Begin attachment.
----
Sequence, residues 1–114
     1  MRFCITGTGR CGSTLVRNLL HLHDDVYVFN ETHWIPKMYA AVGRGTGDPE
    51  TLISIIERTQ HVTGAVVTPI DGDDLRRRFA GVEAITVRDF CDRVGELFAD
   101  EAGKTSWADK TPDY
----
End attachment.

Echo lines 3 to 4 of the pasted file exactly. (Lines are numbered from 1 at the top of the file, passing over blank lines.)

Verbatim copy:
    51  TLISIIERTQ HVTGAVVTPI DGDDLRRRFA GVEAITVRDF CDRVGELFAD
   101  EAGKTSWADK TPDY